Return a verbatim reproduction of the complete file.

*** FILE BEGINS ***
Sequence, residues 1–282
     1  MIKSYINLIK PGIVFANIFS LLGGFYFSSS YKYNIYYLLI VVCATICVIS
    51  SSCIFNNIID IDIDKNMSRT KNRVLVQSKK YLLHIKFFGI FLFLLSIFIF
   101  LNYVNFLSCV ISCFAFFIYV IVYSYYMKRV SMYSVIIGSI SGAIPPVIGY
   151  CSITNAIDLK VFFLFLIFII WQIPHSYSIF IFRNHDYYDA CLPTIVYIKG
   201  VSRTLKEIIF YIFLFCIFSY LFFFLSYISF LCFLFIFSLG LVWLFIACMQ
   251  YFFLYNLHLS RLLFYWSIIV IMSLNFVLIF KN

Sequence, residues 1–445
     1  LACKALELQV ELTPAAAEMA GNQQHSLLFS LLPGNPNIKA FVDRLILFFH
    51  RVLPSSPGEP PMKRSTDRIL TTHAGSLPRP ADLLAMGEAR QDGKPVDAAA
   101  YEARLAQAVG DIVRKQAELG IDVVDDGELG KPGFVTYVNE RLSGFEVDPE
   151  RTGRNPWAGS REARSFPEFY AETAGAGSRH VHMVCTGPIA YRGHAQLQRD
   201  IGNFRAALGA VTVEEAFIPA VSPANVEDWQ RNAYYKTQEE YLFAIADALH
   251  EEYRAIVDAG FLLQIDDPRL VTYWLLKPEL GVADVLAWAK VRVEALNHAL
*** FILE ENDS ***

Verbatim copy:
Sequence, residues 1–282
     1  MIKSYINLIK PGIVFANIFS LLGGFYFSSS YKYNIYYLLI VVCATICVIS
    51  SSCIFNNIID IDIDKNMSRT KNRVLVQSKK YLLHIKFFGI FLFLLSIFIF
   101  LNYVNFLSCV ISCFAFFIYV IVYSYYMKRV SMYSVIIGSI SGAIPPVIGY
   151  CSITNAIDLK VFFLFLIFII WQIPHSYSIF IFRNHDYYDA CLPTIVYIKG
   201  VSRTLKEIIF YIFLFCIFSY LFFFLSYISF LCFLFIFSLG LVWLFIACMQ
   251  YFFLYNLHLS RLLFYWSIIV IMSLNFVLIF KN

Sequence, residues 1–445
     1  LACKALELQV ELTPAAAEMA GNQQHSLLFS LLPGNPNIKA FVDRLILFFH
    51  RVLPSSPGEP PMKRSTDRIL TTHAGSLPRP ADLLAMGEAR QDGKPVDAAA
   101  YEARLAQAVG DIVRKQAELG IDVVDDGELG KPGFVTYVNE RLSGFEVDPE
   151  RTGRNPWAGS REARSFPEFY AETAGAGSRH VHMVCTGPIA YRGHAQLQRD
   201  IGNFRAALGA VTVEEAFIPA VSPANVEDWQ RNAYYKTQEE YLFAIADALH
   251  EEYRAIVDAG FLLQIDDPRL VTYWLLKPEL GVADVLAWAK VRVEALNHAL